This is more a sledgehammer to the idea that buying and holding moats is the best way to earn great returns, than a subtle hint. Here, Buffett clearly states that the reasons he shifted from buying deep value firms were issues relating to scalability and the desire to build a large enduring enterprise. Cigar-butts were not businesses to hold forever; and a great business is not always a wonderful buy.
So what should you make of all the talk of wonderful companies at fair prices being better to invest in than terrible firms trading at cheap prices?
Well, one explanation is that he is mostly discussing investing with those who will manage large amounts of institutional money. He’s often talking on CNBC or to MBA students - future institutional money managers responsible for hundreds of millions or billions of dollars. It’s a mistake to think that you, as a small investor, are in the same camp.
In fact, when specifically asked about managing small amounts of money, Buffett’s answer was radically different:
“Yeah, if I were working with small sums, I certainly would be much more inclined to look among what you might call classic Graham stocks, very low PEs and maybe below working capital and all that.”
In other words, deep value.
And he’s not just talking about traveling back in time to the 1950s, either. You can learn most about someone’s preferences based on what they do. That’s why 2004 was so instructive.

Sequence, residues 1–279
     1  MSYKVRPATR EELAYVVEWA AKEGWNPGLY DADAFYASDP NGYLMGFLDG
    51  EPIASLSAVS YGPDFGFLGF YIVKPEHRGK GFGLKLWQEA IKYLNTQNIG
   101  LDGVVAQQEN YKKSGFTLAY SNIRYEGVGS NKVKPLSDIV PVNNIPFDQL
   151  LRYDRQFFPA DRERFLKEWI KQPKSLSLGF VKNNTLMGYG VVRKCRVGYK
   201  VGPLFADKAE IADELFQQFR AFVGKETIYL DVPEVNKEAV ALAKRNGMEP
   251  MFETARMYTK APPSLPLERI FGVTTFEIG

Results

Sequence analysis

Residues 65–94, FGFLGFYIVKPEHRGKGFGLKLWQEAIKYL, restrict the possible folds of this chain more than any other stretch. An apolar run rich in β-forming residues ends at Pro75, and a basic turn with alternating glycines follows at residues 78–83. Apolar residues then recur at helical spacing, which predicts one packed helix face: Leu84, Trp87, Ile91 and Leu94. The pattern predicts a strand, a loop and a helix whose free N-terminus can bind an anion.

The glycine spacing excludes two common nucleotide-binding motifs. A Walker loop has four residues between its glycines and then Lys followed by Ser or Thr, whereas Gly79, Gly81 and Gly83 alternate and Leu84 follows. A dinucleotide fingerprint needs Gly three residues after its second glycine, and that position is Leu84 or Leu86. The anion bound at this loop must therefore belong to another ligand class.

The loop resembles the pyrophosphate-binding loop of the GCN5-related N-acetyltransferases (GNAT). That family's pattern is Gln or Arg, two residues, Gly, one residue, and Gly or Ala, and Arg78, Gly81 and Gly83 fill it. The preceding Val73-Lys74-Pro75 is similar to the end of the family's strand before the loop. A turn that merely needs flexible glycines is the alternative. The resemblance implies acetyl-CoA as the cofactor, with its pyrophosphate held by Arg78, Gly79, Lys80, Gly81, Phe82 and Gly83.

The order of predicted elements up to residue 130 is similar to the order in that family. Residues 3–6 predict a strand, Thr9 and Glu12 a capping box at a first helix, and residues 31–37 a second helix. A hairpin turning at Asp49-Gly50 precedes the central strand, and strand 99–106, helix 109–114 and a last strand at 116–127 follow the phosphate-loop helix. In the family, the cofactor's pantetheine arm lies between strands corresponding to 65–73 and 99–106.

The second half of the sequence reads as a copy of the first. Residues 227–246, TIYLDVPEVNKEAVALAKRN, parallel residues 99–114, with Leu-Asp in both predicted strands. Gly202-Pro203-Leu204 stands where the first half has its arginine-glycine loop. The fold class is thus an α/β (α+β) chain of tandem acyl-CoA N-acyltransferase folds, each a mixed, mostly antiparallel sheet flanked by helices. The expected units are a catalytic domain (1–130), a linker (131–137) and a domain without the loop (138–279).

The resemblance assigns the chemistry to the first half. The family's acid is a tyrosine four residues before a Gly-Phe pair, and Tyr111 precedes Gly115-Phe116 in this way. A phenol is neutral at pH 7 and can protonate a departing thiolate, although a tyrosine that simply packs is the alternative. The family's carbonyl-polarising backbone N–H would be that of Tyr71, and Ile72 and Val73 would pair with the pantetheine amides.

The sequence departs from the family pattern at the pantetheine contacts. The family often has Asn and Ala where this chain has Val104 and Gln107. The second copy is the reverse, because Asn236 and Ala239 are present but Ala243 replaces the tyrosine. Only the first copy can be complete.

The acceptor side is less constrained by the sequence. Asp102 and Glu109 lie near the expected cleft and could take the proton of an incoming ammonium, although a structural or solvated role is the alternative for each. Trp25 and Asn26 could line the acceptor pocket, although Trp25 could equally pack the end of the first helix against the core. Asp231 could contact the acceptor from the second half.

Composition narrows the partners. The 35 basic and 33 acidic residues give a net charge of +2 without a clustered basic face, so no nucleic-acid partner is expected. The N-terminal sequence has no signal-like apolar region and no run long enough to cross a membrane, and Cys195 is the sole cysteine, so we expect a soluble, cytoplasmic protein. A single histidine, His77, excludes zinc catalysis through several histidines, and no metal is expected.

In 2004, he was handed a securities manual for South Korea and spent an afternoon combing the listings. He ended up putting $100 million of his own money into 20 deep value stocks. When discussing this, he was paraphrased as saying:
“Citicorp sent a manual on Korean stocks. Within 5 or 6 hours, twenty stocks selling at 2 or 3x earnings with strong balance sheets were identified. Korea rebuilt itself in a big way post 1998. Companies overbuilt their balance sheets – including Daehan Flour Mill with 15,000 won/year earning power and selling at “2 and change” times earnings. The strategy was to buy the securities of twenty companies thereby spreading the risk that some of the companies will be run by crooks. $100 million was quickly put to work.”
Buffett could have invested in anything. He could have bought more of his beloved Coke, or found additional firms with wide moats. Instead, he placed $100 million of his own money on deep value firms. When given complete freedom, Buffett prefers deep value.
While a lot of investors get tripped up trying to become the next Warren Buffett, we’ve doubled down on seeking out the best deep value stocks we can find. This means employing the best performing deep value strategies available today: ultra cheap prices relative to net tangible assets, high dividend yield, net net stocks, or even negative enterprise value firms. This approach has produced great returns for my own real money portfolio and could for yours, as well, if you’re willing to abandon your biases.
At Net Net Hunter, we’re dissecting his earlier 1950s & 60s investments, though, to help identify the best possible cigar-butts to invest in; and, we’re dishing up a lot of these high quality investment opportunities up to The Broken Leg Investment Letter subscribers.
The good news is that most of the value world is infatuated with Buffett’s current investment strategy, leaving a lot of opportunity on the table. Unless you want to possibly leave millions on the table, as well, I suggest making the shift.
Evan Bleker is founder of Net Net Hunter, a community of dedicated net net investors, and The Broken Leg, a site dedicated to high performance deep value strategies. Evan’s been investing for 20 years but only found his footing when stumbling onto net nets and deep value in 2010. Since then, Graham’s net nets have helped him outperform the market by leaps and bounds.